Q: All 3 papers require help from participants. How reliable are these participants and how sensitive is the outcome to optimal choices?
A: The precise placement of AP is not critical, since there is a lot of diversity, and many positions of the AP are good enough.

Q: Rather than mobilizing the AP, we could move the antennas, etc.
A: Yes, but restricted mobility means less opportunity.

Q: You seem to need a lot of computation in real time. Where should this computation be done?
A: the computation bottleneck is the search space. It can be done at the local AP. In case of multiple APs, it can happen on the cloud.

HotNets 2014: An AS for Us

Scribe notes by Athina Markopoulou.


PEERING: An AS for Us (presented by Ethan-Katz Bassett)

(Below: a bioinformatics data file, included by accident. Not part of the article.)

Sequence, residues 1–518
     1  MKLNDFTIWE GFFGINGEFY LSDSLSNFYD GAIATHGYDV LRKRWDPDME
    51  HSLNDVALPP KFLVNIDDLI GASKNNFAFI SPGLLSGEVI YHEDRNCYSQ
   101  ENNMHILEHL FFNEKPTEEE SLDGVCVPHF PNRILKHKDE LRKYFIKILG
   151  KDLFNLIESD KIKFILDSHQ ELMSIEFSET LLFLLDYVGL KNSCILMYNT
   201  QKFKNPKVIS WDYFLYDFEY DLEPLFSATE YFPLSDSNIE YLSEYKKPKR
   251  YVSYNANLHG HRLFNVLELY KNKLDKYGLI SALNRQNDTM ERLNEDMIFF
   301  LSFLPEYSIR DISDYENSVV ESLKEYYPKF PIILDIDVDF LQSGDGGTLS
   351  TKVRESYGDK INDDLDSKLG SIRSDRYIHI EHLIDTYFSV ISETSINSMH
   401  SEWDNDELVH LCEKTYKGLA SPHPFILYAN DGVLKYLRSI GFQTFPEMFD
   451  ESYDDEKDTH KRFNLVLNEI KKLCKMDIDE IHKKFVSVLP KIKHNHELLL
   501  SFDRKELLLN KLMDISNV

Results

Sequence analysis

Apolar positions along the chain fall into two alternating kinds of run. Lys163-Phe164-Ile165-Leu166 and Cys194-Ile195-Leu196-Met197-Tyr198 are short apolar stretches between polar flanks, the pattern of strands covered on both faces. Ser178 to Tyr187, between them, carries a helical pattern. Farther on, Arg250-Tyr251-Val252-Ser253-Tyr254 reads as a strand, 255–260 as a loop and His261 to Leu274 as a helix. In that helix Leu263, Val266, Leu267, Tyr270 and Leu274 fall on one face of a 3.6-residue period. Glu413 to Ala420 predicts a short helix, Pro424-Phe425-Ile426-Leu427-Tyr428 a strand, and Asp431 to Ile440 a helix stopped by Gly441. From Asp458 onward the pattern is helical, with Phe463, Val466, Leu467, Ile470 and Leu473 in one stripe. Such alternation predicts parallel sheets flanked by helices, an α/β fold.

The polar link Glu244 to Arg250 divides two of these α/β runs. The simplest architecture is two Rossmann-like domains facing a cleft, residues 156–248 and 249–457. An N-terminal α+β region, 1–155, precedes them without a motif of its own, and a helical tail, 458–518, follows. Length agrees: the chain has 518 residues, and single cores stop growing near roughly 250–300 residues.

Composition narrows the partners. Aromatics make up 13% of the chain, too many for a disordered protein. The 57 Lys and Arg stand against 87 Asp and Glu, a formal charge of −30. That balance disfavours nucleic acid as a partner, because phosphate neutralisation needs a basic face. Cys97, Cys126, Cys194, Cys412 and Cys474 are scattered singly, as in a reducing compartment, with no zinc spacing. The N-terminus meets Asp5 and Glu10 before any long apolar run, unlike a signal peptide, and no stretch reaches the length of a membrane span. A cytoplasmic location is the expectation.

This work developed a testbed that allows researchers to configure an ISP (PEERING) and experiment with it. PEERING has its own AS number and IP address space and it peers with real ISPs. In particular, PEERING routers peer with 6 universities and providers. Richer connectivity is provided via peers at AMS-IX (Amsterdam Internet Exchange) and Phoenix-IX. When researchers configure this AS are allowed to only advertise prefixes that PEERING owes, not other people’s prefixes (so as to not become transit). The speaker then explained the use of the testbed through the motivating example of ARROW.

PEERING provides a sweet spot between realism (running things over the Internet) and control (by configuring this ISP). It can be used to enable running experiments for inter-domain routing research. The speaker concluded with a call to the community to use the testbed and propose new features.

Q& A (during panel discussion, some of them addressed to all papers)

Q: How do we know that we measure the Internet and not your infrastructure?
A: Right now documentation, we also plan to keep logs.

Q: Scalability issues?
A: It mainly depends on the number of prefixes we own.